A sustainable trails that complies with the trail accessibility guidelines without changing the setting or outdoor experience.
At Crotched Mountain in Greenfield, New Hampshire, sustainable trails are also accessible trails. The Crotched Mountain Foundation’s new trail system was designed and built to the proposed federal trail accessibility guidelines and was official opened in June 2011.
The trail system is fully accessible, ranging from a wetland loop at the lowest point to a stunning vista at the summit of a knoll 300 feet above. The entire trail is perched on the southerly side of Crotched Mountain with views of Mt. Monadnock.
The trail system provides a total of 3.6 miles of pedestrian recreation through lowbush blueberry fields, pine forests, dense hardwoods, meadows, and wetlands. It provides a thorough visual explanation of the morphology of this part of southwestern New Hampshire.
Construction of these trails was accomplished over a four-year period using native materials for the stone trail structures and the trail surfacing. Bridges and boardwalks were constructed of imported materials. The majority of the trail system is a 5 foot wide treadway. Other sections are 4 feet wide and 3 foot wide. A combination of machine built and hand built trail exists on the property.
This sustainable trail system has become the focal point for training workshops on trail development using the proposed federal trail accessibility guidelines.
For more information on the trails at Crotched Mountain please visit www.crotchedmountain.org.
Published October 11, 2017
Permeable Pavers provide stable, low-impact pathway through Rookery Bay Research Reserve.
The emergence of electric bicycles, commonly known as e-bikes, is a rapidly growing component of the bicycle market in the US. As a transportation option, they represent an opportunity to reduce vehicle use and emissions, as well as the physical barriers to cycling. For use on trails, they present similar opportunities to reduce barriers to cycling but, as a new use, present new challenges for trail management.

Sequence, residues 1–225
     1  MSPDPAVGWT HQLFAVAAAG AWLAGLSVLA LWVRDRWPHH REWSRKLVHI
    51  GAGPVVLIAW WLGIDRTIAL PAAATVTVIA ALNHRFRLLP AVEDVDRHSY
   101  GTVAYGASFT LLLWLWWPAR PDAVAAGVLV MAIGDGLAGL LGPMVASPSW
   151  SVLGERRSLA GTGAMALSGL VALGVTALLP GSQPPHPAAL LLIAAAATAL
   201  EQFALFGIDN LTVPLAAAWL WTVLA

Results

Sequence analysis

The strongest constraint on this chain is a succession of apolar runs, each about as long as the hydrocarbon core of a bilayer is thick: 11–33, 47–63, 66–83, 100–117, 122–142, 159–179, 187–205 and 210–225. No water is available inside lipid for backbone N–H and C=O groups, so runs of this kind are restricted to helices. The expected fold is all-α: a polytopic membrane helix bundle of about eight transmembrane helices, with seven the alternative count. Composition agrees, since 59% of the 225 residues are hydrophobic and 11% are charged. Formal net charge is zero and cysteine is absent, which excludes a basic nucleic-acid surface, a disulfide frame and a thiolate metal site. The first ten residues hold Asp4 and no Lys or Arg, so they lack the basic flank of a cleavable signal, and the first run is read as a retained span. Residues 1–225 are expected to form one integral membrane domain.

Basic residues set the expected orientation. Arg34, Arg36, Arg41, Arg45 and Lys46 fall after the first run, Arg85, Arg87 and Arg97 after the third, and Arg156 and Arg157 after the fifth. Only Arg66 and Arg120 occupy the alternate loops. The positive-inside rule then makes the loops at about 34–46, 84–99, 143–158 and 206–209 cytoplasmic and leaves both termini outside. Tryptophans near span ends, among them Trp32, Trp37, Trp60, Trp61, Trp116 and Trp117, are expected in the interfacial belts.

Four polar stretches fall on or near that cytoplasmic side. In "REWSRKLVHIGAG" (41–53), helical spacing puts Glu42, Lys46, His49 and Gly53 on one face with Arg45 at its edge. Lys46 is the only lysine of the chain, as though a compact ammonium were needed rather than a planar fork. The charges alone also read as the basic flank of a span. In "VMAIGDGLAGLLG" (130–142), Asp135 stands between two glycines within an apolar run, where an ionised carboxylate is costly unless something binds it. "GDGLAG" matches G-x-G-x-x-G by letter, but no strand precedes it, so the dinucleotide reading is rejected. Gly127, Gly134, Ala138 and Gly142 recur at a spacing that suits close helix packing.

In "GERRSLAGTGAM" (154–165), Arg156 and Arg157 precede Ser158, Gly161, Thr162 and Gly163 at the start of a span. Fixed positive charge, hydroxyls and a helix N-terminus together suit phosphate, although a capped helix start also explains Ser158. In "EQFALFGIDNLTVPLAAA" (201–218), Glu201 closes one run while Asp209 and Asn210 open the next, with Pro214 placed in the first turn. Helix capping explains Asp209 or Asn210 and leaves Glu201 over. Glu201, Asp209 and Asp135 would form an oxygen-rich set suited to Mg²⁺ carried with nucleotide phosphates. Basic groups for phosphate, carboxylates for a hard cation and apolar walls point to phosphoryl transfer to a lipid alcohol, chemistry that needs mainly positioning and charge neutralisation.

What is a sustainable trail? Building a sustainable trail system takes into account many factors. Most importantly, a sustainable trail should have as little impact to the environment as possible; this is accomplished through proper trail planning, design, construction and maintenance. A properly built trail will last for generations to come with little maintenance needed and will blend into the natural surroundings.
The growth in recreational trails owned by the State, Cities, Counties, and Park systems over the last 20 plus years has exploded. Most if not all efforts related to recreational trails over these years has been focused on construction of new trails. There have been little organized efforts in trail preservation and or preventive maintenance (PM) methods to extend the usable life of the trails. The agencies that have a PM programs for their recreational trails rely on treatments that started out as highway or street treatments that may have been modified for use on the trails.